Nurses' Comfort

I became interested in the comfort of nurses while writing my book (Kolcaba, 2003). “I believe

that the holistic comfort of nurses is an important factor in retention, absenteeism, morale, and

recruitment. …Moreover, the realities associated with hospital environments are the essence of

the science of nursing administration”. So, in 2005, I was asked to present two related topics: at

my first visit we focused on patient and family comfort and at the second visit, we focused on

nurses’ comfort.

This was also the era when hospitals were applying for Magnet Status for the first time and in

those early days, a conceptual model was required. Many institutions picked Comfort Theory

because it is intuitive, easy to apply, and easy to design and test interventions which was

another requirement to achieve Magnet Status. In this environment, I began an extensive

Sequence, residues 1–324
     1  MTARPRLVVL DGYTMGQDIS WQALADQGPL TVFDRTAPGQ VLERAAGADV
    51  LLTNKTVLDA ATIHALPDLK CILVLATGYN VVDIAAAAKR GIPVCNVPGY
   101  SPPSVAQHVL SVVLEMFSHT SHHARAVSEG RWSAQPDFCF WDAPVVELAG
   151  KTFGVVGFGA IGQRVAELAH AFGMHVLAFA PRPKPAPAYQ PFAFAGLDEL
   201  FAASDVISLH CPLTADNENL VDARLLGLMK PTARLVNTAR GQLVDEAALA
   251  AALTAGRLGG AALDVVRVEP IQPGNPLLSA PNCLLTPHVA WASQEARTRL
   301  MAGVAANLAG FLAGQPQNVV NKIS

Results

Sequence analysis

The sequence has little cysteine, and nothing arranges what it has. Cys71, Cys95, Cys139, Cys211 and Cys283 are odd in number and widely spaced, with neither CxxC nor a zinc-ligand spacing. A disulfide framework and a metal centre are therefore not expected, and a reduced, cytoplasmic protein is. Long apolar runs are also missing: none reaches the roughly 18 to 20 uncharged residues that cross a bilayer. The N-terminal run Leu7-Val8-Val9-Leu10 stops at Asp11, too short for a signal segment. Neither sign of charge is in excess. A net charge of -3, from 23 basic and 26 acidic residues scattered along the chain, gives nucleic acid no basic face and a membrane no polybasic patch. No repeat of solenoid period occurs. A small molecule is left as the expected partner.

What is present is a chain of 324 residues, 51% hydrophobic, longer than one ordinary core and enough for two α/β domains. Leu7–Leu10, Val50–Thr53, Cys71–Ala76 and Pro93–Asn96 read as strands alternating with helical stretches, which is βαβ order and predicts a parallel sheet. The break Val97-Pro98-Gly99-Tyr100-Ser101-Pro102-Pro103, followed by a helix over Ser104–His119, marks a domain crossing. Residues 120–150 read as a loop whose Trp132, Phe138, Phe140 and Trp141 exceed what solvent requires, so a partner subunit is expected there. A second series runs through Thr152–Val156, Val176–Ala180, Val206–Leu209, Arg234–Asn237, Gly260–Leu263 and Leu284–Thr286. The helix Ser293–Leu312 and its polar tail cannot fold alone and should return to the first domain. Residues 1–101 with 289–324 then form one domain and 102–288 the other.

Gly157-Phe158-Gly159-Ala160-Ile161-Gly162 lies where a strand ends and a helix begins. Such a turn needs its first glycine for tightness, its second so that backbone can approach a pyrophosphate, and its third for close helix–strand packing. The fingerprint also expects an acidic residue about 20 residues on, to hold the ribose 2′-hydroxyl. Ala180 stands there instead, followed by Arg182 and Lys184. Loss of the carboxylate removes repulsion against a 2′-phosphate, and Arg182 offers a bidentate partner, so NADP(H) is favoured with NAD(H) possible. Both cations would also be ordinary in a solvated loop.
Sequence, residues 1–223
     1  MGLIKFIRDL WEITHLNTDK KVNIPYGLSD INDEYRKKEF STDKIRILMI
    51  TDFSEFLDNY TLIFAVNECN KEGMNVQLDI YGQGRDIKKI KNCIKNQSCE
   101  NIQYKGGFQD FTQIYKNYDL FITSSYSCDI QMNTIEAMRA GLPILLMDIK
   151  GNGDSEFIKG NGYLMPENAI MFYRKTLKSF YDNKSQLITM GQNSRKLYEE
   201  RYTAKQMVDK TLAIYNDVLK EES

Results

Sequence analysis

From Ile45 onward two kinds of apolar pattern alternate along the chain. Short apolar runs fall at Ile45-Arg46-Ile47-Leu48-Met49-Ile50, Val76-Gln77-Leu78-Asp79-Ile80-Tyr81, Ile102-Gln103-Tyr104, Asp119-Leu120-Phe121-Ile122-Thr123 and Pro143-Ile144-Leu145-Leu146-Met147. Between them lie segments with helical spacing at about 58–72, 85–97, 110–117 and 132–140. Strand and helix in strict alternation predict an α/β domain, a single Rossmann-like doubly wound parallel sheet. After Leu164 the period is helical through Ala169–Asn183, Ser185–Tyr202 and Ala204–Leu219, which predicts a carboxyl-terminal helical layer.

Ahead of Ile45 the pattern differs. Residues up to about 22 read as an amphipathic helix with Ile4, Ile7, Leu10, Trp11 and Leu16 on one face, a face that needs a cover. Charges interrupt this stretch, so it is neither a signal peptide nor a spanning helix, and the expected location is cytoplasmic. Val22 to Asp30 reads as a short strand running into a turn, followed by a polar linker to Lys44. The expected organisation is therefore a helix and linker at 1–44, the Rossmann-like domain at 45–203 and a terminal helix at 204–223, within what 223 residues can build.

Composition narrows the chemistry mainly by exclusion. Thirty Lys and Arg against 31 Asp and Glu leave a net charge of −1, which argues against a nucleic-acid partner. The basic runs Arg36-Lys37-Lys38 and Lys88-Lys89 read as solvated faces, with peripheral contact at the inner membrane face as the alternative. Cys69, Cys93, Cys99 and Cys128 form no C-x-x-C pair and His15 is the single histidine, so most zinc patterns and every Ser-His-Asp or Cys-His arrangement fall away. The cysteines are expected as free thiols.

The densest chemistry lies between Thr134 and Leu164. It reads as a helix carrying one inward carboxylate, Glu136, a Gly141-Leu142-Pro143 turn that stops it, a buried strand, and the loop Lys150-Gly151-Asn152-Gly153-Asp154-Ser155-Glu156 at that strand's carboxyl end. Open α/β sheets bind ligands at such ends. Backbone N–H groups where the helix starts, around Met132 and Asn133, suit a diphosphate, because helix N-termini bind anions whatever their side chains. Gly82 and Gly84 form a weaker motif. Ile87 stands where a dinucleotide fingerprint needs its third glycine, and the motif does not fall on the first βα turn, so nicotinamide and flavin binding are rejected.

review of what nurses were saying they needed in order to have a supportive environment for

their practice. Most of the literature was from the American Journal of Nursing monthly issues

which discussed the environmental improvements that would support Magnet designation. I

was able to discern the essential attributes of nurse comfort in the four contexts of experience

and they are included in this section of my website. You have my permission to cite this website

if you are doing any research on this topic.

Below are the links to some of the work done during in the first decade of 2000.